"There's no job link to it per se," Bryant says. "It's not like you come out and you're a nurse."

State Rep. Shanelle Jackson (D-Detroit) was in the first class to enroll. She was a law student, "But law school had not been what I hoped it would be, and I felt it wasn't speaking to my needs, who I was and what I wanted to be studying," Jackson says. She initially did both law school and the social justice program until she dropped law school to focus on the master's degree.

"It was the first time I ever felt like I was learning things that I wanted to be in a position to implement every single day in the work world," she says. "It spoke to the social problems that are facing the world and my duty, every human being's duty, to be a change agent."

Jackson says her work in the Legislature on Michigan's housing crisis is a direct result of her coursework at Marygrove. She was a co-sponsor of the package of bills last year that added a notification and negotiation period between lenders and homeowners before a home can be seized.

"My main focus in the Legislature has been addressing the mortgage foreclosure epidemic, which is linked to the banking crisis and subprime lending. We studied that in the program," she says. "I remember learning about disparities in lending and how in an effort to historically look at people of color, people who had been impoverished or were working-class sometime in their lives had a hard time getting conventional loans, how the subprime market kind of rose in an effort to meet that need."

A new component of the program this year is bringing a somewhat revolutionary approach — participatory action research (PAR) — that students can choose to be part of in lieu of their individual projects.

PAR is a research method that involves students or faculty being part of the community they study or work in. Instead of academic researchers swooping in to make top-down recommendations, they use the strategy to embed a program of research, recording, public education campaign or other social change.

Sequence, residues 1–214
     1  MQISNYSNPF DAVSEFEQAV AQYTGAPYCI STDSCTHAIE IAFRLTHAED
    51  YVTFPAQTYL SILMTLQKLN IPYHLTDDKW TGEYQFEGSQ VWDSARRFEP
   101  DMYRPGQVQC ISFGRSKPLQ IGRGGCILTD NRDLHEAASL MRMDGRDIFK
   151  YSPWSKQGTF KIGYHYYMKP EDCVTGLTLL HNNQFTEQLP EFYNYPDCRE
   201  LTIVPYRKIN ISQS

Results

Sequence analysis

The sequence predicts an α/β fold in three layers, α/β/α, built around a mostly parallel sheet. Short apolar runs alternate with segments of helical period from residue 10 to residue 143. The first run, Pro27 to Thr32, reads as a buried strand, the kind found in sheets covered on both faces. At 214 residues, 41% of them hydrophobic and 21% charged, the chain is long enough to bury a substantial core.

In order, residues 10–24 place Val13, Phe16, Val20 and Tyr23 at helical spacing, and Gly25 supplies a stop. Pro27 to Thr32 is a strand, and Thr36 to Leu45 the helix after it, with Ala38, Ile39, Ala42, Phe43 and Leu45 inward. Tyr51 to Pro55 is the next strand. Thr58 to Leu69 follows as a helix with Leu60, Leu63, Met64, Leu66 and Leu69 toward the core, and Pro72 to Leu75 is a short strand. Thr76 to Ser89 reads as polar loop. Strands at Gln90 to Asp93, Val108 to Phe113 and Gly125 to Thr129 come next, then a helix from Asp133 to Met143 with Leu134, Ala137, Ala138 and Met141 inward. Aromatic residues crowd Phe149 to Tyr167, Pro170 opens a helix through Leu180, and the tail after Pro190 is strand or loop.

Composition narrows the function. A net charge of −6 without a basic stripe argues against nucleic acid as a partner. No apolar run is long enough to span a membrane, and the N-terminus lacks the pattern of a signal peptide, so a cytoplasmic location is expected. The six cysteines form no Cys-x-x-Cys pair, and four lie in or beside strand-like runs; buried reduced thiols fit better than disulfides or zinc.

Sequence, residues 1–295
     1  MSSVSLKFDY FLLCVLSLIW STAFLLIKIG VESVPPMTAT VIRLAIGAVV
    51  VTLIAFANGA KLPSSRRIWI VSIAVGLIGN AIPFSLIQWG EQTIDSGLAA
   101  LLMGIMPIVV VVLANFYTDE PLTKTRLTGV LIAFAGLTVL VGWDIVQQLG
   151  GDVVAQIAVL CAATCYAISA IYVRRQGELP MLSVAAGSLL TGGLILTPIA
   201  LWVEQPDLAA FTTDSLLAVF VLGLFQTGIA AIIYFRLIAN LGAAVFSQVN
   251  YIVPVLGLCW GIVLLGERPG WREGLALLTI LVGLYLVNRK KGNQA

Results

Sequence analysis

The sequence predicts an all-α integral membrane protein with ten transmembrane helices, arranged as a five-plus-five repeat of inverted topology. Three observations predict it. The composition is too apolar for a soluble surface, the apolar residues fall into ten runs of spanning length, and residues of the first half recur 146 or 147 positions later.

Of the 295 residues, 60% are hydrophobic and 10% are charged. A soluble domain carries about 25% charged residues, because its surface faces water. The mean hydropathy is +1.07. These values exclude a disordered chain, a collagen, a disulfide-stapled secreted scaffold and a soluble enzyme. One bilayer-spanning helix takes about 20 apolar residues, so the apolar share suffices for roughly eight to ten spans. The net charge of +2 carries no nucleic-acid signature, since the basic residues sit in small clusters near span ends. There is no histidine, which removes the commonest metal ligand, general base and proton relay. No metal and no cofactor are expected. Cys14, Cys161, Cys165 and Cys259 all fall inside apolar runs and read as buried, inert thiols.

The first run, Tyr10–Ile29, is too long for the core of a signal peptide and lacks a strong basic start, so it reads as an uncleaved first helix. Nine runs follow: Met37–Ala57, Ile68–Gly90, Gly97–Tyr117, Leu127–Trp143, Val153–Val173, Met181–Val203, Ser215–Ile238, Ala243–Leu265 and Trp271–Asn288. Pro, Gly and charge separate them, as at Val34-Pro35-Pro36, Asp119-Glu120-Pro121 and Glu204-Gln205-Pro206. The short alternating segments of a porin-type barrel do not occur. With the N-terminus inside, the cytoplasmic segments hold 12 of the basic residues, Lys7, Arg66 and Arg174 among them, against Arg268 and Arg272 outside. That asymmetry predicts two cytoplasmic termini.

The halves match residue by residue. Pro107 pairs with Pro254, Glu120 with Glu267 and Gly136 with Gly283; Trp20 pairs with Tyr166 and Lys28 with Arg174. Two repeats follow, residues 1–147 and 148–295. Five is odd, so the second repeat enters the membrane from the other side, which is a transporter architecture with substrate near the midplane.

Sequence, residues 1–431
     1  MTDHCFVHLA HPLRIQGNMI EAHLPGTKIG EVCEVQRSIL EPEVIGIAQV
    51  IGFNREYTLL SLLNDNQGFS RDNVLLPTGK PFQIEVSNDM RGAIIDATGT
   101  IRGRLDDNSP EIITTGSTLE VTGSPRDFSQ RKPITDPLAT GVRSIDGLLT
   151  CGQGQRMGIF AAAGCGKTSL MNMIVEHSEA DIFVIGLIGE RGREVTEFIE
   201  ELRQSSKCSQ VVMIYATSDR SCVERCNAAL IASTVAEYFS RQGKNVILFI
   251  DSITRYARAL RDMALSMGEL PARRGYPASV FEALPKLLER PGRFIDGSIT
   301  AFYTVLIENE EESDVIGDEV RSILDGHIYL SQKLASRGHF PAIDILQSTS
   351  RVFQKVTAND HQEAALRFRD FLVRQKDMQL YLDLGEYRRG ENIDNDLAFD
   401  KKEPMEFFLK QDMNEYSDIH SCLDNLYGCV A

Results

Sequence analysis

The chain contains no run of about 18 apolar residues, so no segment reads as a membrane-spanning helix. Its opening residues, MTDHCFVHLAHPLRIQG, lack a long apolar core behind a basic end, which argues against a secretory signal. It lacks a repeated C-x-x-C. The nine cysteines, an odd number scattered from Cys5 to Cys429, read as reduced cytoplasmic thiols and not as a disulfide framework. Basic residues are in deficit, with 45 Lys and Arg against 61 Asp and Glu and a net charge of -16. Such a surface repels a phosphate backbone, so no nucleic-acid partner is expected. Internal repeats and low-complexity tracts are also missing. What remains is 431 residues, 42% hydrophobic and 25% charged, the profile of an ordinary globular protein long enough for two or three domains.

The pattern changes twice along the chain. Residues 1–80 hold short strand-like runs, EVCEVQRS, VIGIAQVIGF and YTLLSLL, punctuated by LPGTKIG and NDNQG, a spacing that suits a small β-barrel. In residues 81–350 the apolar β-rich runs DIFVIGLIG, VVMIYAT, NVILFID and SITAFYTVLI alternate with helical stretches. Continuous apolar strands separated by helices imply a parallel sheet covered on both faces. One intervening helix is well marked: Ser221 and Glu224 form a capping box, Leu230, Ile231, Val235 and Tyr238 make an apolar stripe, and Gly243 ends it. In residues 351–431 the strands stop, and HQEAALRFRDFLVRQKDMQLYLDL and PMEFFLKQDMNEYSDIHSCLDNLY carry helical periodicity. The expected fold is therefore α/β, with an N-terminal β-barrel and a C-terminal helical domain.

This semester, Marygrove social justice students and faculty are starting to design an ongoing project that will recruit community members to join the students themselves in identifying community problems and solutions.

"Our students want to understand the theory but they don't want to stop at that. They want to move toward doing something. That, I think, is one of our defining pieces of the program," Bryant says.

The class will focus on some aspect of Detroit Public Schools, says Monique Hayes, a student in the program who also works as the deputy director of Community Assessment Referral & Education, a substance abuse prevention and treatment agency based in Fraser.

Bryant says Marygrove, as part of its urban, community development mission, plans to infuse the curriculum with participatory action research, starting this semester with the social justice program.

The class has only been meeting for a few weeks and has not yet decided on a specific aspect of education they'll work on. "The goal of this participatory action research is not to have researchers come into a community, research that group and take away that knowledge," Hayes says, "but to really make change an ongoing process for the community itself."

Sandra Svoboda is a Metro Times staff writer. Contact her at 313-202-8015 or